DW has been reading The Naughtiest Girl In School stories to DD recently and they've gone down reasonably well - the culture of high tea with not a fruit or veggie included seems a very alien concept to DCs brought up with the 5 fruits/veggies a day mantra! Also, it's all about being beastly and horrid and then discovering a nicer side to oneself and these issues of bullying, insecurity etc...are sadly still very much with children in the here and now...
I still like Anne of Green Gables and Ballet Shoes, and the Katy books (excluding Clover and In the High Valley which were always rather ropey), on re reading to my own children.
Blyton, most of Blyton too, not so much.
We read a Mrs Pepperpot story a night from a bumper book of collected stories, recently. They weren't as wonderful as I remembered, but the children did like them.
I took Swallows and Amazons to read to DS while we were camping on the shores of Windermere.
I still loved it... he fell asleep .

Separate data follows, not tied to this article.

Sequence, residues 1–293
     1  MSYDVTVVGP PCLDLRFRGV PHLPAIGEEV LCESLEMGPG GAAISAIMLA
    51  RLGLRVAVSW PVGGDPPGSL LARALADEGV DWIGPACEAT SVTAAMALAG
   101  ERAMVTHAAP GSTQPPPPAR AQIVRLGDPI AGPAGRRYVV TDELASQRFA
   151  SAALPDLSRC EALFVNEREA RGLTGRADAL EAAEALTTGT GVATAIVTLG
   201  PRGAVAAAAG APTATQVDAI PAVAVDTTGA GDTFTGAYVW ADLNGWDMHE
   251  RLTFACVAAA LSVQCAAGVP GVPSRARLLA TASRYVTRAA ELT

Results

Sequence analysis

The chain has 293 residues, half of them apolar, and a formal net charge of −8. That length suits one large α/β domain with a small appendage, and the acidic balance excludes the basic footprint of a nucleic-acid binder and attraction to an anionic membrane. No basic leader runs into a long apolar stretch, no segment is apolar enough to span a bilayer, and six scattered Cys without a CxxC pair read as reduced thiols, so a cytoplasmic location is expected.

The Mr Men are incredibly tedious and not very well written.
The Beatrix Potter books are so dated that DS struggles to relate to them.
I also loved Ballet Shoes, White Boots etc as a chid but reading them to my We are now on the last of the Gemma series and are both enjoying them as the chapters are shorter and much easier to read. DH on the other hand finds them dull and reads the naughty little sister books to her instead which we all love and those have never shifted in my mind as anything other than great however it's hard to explain about the coal man to my DD or the chimney sweep and the fact little sister goes to school one day with her big sister as mother had an appointment she couldn't take a child to - always wondered what that was
perhaps a smear test or similar
When I first read Malory Towers as a child I idolised Darrell. Upon reading them to my daughter I realised what a nasty bad tempered bully she was.
Either I have no taste (quite possible!) or I just haven't read enough Mr Men books -on every thread like this posters appear saying how dire they are,but I always rather liked them.